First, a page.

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Legality of Kratom

Legality of Kratom across Europe varies from country to country.

Kratom in certain countries is out-right prohibited or heavily restricted. In other countries kratom’s legal situation is unclear. The European Kratom Alliance wants to charter the pathway towards standardisation and legalisation of Kratom in Europe.  

Below you can find more about the legal status of Kratom in various countries.

If you do find our registry to be incomplete, we would appreciate it if you would be so kind to send us an e-mail.

Albania Currently legal
Austria Currently legal
Belarus Illegal
Belgium Currently legal
Bosnia Currently legal
Bulgaria Illegal since 2011
Croatia Currently legal
Cyprus Considered a psychotropic substance since 04/2021
Czech Republic Currently legal
Denmark Regulated as controlled substance
Estonia Illegal since 2015
Finland Regulated as a controlled substance
France Illegal since January 2020
Germany Legal if not for human consumption
Greece Currently legal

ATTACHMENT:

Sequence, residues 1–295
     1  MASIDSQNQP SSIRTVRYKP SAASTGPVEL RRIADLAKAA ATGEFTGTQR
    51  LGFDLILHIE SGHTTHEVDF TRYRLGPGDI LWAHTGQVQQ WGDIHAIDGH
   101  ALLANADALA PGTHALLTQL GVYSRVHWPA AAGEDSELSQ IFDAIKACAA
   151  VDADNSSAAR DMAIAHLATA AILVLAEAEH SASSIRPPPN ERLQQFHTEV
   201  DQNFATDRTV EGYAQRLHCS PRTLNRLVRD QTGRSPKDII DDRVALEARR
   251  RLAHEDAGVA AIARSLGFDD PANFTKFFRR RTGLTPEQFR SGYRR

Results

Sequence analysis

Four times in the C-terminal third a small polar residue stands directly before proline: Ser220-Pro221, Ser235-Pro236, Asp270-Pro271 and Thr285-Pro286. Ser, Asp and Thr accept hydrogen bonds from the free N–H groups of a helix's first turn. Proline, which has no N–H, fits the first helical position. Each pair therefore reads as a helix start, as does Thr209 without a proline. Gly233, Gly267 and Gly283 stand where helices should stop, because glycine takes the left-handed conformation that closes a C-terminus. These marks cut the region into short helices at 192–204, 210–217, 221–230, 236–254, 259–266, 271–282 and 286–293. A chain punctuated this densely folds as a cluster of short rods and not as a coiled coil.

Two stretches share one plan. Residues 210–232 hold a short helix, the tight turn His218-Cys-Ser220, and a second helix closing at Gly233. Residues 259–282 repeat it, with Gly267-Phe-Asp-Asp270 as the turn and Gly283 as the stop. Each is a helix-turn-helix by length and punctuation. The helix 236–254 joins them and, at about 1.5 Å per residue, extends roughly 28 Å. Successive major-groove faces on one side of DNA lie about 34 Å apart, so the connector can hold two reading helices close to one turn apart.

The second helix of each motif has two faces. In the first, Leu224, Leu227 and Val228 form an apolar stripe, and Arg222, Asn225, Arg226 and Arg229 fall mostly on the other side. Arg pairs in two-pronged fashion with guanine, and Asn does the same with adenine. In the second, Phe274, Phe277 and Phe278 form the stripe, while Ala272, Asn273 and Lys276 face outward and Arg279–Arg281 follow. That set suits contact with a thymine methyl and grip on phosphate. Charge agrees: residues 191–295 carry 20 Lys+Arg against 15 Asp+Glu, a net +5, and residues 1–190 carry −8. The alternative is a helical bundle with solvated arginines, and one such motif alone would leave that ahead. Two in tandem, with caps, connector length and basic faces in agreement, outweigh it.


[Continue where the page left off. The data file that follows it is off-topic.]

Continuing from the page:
Hungary Currently legal
Iceland Illegal
Ireland Illegal since 2017
Italy Illegal since August 2016
Kosovo Currently legal
Latvia Illegal
Lithuania Illegal since 2008
Luxembourg Illegal since 2012
Malta Currently legal
Moldova Illegal since 2010
Montenegro Currently legal
Netherlands Currently legal
North Macedonia Currently legal
Norway Controlled substance
Poland Illegal since 2009
Portugal Controlled psychoactive substance since 2013
Romania Illegal since 2010
Russia Illegal since 2011
Spain Legal
Sweden Controlled substance
Serbia Undefined
Slovakia Illegal since 2021
Slovenia Illegal since January 2019
Switzerland Illegal since October 2017
Turkey Illegal since 2014
Ukraine Legal
United Kingdom Illegal since March 2016